How genetic data improve the interpretation of results of faecal glucocorticoid metabolite measurements in a free-living population
by Maik Rehnus, Rupert PalmeMeasurement of glucocorticoid metabolites (GCM) in faeces has become a widely used and effective tool for evaluating the amount of stress experienced by animals. However, the potential sampling bias resulting from an oversampling of individuals when collecting “anonymous” (unknown sex or individual) faeces has rarely been investigated. We used non-invasive genetic sampling (NIGS) to investigate potential interpretation errors of GCM measurements in a free-living population of mountain hares during the mating and post-reproductive periods. Genetic data improved the interpretation of results of faecal GCM measurements. In general GCM concentrations were influenced by season. However, genetic information revealed that it was sex-dependent. Within the mating period, females had higher GCM levels than males, but individual differences were more expressed in males. In the post-reproductive period, GCM concentrations were neither influenced by sex nor individual. We also identified potential pitfalls in the interpretation of anonymous faecal samples by individual differences in GCM concentrations and resampling rates. Our study showed that sex- and individual-dependent GCM levels led to a misinterpretation of GCM values when collecting “anonymous” faeces. To accurately evaluate the amount of stress experienced by free-living animals using faecal GCM measurements, we recommend documenting individuals and their sex of the sampled population. In stress-sensitive and elusive species, such documentation can be achieved by using NIGS and for diurnal animals with sexual and individual variation in appearance or marked individuals, it can be provided by a detailed field protocol.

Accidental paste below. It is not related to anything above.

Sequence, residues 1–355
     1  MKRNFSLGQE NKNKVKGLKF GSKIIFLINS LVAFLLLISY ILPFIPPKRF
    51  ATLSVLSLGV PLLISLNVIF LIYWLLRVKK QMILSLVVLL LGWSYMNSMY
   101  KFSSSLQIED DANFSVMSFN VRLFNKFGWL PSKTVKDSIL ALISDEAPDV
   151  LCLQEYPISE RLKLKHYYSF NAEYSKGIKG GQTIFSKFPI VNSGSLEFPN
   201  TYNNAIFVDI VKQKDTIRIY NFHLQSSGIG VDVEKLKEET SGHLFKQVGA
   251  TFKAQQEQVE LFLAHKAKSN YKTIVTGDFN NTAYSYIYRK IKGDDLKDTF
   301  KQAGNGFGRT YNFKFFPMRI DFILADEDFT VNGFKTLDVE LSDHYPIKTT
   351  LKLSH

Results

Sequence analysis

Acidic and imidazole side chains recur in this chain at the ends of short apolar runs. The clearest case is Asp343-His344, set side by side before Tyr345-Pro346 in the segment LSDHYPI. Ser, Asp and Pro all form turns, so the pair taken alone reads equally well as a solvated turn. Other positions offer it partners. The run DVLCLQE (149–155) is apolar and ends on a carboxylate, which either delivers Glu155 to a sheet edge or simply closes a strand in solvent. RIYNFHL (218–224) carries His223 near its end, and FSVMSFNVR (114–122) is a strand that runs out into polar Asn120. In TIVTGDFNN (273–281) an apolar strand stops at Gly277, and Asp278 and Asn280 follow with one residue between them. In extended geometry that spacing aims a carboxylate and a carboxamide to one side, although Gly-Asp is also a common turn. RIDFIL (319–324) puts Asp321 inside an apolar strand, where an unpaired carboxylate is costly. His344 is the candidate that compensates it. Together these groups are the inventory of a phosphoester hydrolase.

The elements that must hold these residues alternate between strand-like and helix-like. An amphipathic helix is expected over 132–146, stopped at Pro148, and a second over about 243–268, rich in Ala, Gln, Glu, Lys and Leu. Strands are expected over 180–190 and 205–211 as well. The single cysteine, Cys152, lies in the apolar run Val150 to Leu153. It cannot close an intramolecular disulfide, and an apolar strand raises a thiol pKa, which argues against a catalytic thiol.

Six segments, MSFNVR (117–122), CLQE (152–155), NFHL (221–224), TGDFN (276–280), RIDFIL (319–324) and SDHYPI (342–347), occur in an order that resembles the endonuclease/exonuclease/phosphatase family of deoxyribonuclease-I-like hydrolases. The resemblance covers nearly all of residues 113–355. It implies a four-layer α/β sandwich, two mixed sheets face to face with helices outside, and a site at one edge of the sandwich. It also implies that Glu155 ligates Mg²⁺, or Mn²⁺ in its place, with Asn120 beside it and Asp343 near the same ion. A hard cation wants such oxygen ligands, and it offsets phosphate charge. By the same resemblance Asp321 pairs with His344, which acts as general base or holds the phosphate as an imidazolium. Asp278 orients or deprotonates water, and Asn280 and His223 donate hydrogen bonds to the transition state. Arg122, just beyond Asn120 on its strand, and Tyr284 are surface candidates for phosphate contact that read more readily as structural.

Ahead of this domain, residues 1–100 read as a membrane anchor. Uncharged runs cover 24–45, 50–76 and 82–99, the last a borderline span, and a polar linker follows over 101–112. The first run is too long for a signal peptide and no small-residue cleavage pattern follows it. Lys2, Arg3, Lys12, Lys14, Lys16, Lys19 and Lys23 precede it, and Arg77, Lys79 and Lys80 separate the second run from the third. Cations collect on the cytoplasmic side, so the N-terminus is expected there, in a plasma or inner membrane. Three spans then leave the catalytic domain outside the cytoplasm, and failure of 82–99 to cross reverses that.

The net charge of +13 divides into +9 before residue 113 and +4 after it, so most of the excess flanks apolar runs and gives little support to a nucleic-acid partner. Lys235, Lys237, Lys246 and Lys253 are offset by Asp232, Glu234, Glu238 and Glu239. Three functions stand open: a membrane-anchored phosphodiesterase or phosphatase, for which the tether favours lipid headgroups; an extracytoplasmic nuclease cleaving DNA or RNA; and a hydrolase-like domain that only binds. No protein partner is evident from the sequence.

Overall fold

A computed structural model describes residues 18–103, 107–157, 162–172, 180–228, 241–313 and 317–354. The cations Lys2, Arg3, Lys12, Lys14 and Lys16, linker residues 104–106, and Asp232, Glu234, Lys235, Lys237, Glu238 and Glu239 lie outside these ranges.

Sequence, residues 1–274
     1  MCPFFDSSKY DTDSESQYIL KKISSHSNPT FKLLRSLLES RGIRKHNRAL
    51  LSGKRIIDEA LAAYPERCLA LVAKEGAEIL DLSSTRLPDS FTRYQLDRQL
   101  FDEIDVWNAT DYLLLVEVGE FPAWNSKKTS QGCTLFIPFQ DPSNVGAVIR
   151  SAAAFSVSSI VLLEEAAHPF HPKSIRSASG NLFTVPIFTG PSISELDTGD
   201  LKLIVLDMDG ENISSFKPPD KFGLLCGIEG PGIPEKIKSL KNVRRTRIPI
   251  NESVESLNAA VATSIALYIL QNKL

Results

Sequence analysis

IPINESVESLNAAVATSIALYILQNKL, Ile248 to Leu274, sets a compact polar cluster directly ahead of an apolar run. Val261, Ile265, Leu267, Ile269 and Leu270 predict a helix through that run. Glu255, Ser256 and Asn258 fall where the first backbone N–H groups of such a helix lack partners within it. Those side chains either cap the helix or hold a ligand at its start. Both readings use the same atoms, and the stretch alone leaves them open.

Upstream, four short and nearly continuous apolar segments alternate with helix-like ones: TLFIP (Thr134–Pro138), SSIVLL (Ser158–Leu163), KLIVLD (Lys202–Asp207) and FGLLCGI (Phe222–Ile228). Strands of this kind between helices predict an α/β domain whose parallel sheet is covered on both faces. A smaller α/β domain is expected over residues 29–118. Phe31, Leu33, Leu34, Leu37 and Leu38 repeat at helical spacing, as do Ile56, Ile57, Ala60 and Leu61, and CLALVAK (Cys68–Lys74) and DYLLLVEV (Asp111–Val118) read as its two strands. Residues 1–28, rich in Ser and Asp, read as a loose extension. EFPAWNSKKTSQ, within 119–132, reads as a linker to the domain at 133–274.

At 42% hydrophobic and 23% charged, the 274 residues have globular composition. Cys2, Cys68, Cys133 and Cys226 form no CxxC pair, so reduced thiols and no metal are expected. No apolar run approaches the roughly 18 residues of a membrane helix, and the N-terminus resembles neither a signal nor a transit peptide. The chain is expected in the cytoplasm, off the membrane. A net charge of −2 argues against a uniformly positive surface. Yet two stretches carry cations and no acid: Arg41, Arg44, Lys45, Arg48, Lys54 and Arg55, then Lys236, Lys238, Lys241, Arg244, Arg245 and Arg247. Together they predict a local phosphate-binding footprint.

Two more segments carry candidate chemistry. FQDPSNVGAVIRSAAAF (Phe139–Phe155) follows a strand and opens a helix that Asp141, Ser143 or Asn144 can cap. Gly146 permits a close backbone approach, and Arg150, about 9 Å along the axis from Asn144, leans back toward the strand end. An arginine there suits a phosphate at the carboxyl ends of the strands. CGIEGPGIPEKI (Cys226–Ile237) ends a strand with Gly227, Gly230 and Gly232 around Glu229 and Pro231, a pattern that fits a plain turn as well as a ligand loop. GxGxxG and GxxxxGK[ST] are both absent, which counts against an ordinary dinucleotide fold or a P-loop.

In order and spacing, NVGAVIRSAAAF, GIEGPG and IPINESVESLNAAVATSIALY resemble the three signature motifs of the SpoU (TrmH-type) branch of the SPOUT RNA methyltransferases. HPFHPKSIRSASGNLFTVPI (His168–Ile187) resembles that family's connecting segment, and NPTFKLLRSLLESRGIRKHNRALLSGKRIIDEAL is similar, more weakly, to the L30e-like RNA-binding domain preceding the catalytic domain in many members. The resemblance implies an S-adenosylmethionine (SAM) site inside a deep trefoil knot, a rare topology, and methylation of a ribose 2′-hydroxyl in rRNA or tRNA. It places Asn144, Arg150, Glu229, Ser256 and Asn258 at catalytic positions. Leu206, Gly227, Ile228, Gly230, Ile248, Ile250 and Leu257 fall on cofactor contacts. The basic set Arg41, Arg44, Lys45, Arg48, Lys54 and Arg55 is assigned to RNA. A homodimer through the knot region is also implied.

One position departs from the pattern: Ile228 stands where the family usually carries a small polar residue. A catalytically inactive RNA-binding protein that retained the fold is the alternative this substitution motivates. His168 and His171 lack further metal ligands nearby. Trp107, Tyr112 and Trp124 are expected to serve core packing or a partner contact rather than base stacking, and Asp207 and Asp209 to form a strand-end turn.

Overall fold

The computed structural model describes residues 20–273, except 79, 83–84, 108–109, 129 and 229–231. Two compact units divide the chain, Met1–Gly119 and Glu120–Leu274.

Publisher URL: http://journals.plos.org/plosone/article
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